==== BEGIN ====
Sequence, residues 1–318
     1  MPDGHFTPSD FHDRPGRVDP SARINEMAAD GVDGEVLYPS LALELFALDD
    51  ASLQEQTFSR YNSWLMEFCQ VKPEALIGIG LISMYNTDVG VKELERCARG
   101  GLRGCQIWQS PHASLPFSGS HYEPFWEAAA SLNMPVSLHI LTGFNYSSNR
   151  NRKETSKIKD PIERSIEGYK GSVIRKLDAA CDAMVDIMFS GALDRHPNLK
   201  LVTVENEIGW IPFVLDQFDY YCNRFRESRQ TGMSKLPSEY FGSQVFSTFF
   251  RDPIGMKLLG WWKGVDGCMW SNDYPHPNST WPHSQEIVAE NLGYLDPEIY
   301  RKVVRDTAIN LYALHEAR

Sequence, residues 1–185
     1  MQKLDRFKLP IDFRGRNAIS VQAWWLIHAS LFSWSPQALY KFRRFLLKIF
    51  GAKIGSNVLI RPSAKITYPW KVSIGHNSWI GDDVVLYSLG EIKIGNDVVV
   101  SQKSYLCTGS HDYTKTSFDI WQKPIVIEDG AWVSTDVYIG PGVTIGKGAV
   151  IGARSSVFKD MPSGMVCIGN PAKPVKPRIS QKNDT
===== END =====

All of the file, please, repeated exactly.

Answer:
Sequence, residues 1–318
     1  MPDGHFTPSD FHDRPGRVDP SARINEMAAD GVDGEVLYPS LALELFALDD
    51  ASLQEQTFSR YNSWLMEFCQ VKPEALIGIG LISMYNTDVG VKELERCARG
   101  GLRGCQIWQS PHASLPFSGS HYEPFWEAAA SLNMPVSLHI LTGFNYSSNR
   151  NRKETSKIKD PIERSIEGYK GSVIRKLDAA CDAMVDIMFS GALDRHPNLK
   201  LVTVENEIGW IPFVLDQFDY YCNRFRESRQ TGMSKLPSEY FGSQVFSTFF
   251  RDPIGMKLLG WWKGVDGCMW SNDYPHPNST WPHSQEIVAE NLGYLDPEIY
   301  RKVVRDTAIN LYALHEAR

Sequence, residues 1–185
     1  MQKLDRFKLP IDFRGRNAIS VQAWWLIHAS LFSWSPQALY KFRRFLLKIF
    51  GAKIGSNVLI RPSAKITYPW KVSIGHNSWI GDDVVLYSLG EIKIGNDVVV
   101  SQKSYLCTGS HDYTKTSFDI WQKPIVIEDG AWVSTDVYIG PGVTIGKGAV
   151  IGARSSVFKD MPSGMVCIGN PAKPVKPRIS QKNDT